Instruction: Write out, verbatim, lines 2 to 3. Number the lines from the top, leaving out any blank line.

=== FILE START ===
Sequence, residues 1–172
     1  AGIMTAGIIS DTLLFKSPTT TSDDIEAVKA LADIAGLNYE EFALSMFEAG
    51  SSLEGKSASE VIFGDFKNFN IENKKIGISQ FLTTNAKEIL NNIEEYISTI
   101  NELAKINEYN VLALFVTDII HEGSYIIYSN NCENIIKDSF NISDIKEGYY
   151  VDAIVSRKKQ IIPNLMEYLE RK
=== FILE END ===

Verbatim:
     1  AGIMTAGIIS DTLLFKSPTT TSDDIEAVKA LADIAGLNYE EFALSMFEAG
    51  SSLEGKSASE VIFGDFKNFN IENKKIGISQ FLTTNAKEIL NNIEEYISTI